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Posts in "performance-management"
  • EPM Series: Learn How to Create Organizational Alignment with Performance Management

    November 6, 2017 Editorial Team in FeaturedMedeAnalyticsPerformance Management

    With the shift to value-based care, new payment models now reward organizations that focus on improving quality and lowering costs and penalize those that do not. Under these models, organizations are now required to report on additional metrics and are faced with major time constraints as they try to ensure proper documentation. Because of this, health systems are looking for innovative ways to relieve doctors of their administrative jams and make all parties across the organization more productive. These efforts require a top to bottom initiative, with the organization taking steps to successfully transition to value-based care.

    In this week’s blog, we share how one health system, Jersey City Medical Center (JCMC), part of Barnabas Health, a regional referral and teaching hospital, is driving transparency, communication, results and excellence across their organization by leveraging a Performance Management (PM) solution to ensure they are properly tracking and marching toward their organizational goals.

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  • EPM Series: Providers, Follow these Best Practices to Optimize your Revenue

    October 19, 2017 Editorial Team in FeaturedPerformance ManagementRevenue CycleRevenue Integrity

    With the healthcare industry continuing to shift away from fee-for-service, healthcare organizations still face the challenge of properly tracking all their efforts and ensuring they are being appropriately reimbursed. A recent Healthcare Informatics report noted that:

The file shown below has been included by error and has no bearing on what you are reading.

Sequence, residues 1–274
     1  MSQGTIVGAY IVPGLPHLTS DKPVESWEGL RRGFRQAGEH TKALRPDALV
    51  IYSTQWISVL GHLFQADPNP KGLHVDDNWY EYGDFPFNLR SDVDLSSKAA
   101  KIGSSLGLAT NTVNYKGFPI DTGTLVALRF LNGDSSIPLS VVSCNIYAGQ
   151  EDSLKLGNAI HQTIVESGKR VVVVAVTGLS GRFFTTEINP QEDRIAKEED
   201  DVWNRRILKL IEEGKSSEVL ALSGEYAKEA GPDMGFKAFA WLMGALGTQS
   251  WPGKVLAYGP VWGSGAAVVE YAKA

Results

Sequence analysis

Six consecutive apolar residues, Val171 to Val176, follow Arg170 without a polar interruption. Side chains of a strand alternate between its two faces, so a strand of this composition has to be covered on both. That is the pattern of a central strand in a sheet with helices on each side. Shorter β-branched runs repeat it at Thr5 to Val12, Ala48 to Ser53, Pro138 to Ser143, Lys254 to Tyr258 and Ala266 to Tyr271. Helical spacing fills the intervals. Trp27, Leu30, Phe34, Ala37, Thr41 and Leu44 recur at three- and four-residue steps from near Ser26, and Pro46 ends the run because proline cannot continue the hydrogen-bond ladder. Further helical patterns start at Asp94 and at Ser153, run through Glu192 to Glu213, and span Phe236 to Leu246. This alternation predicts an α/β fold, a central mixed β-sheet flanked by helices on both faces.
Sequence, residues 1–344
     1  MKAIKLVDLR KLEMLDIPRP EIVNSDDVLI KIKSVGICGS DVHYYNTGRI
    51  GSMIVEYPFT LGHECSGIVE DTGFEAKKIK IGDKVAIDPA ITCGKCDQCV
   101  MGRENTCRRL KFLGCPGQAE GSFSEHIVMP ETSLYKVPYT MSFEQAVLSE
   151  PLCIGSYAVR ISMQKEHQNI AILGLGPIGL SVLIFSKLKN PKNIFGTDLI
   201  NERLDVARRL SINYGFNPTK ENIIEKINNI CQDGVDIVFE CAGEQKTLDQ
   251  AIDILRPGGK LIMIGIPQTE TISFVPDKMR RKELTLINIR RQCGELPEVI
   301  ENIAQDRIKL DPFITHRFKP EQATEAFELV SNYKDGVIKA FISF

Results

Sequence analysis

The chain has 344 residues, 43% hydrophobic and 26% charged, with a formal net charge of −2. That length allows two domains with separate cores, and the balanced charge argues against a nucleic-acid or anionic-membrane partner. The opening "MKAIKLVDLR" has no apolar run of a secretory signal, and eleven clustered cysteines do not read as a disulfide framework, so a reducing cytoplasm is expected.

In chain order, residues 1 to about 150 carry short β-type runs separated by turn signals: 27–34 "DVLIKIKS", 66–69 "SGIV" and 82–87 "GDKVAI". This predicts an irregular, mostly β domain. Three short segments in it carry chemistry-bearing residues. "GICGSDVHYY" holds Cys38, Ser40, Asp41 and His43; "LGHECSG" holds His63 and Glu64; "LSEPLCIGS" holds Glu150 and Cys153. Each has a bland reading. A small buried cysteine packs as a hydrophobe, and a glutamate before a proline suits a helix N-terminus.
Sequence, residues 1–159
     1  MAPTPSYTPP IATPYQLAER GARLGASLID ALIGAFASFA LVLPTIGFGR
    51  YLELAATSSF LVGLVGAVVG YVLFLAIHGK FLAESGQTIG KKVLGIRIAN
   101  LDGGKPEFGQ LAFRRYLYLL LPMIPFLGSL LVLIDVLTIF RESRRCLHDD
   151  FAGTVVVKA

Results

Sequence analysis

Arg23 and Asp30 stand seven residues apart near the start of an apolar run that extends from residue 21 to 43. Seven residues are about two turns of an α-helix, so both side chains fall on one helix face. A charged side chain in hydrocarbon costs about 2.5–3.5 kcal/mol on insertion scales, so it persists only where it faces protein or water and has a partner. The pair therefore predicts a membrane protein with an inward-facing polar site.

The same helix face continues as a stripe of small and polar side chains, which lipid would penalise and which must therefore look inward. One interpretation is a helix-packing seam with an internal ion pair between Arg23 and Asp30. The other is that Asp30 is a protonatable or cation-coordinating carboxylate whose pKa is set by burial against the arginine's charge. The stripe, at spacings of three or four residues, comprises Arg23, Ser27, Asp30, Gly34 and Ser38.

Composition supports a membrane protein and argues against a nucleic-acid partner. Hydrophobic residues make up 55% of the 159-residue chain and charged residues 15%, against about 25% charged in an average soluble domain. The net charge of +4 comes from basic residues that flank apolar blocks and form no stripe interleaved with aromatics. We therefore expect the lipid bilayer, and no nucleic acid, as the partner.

“Ongoing changes in both public and private payment are shifting the landscape around revenue cycle management these days, and U.S. physicians and hospitals are facing considerable impacts on their healthcare reimbursement.”

    The report also notes, that healthcare organizations are conducting procedures that are “more complex,” and so are the payments. Now more than ever, organizations need to be laser focused on their billing processes and revenue cycle. The ability to access data is obviously a key factor for success but transforming that data into a strategic plan to tackle revenue remains difficult.

    The challenges around creating plans can come from a lack of leadership accountability, insight into performance metrics, transparency and progress tracking. These factors all play a role in losing sight of tactical actions that drive results. Critical data gets lost in various outlets within the organization which creates a gap between setting goals and achieving them.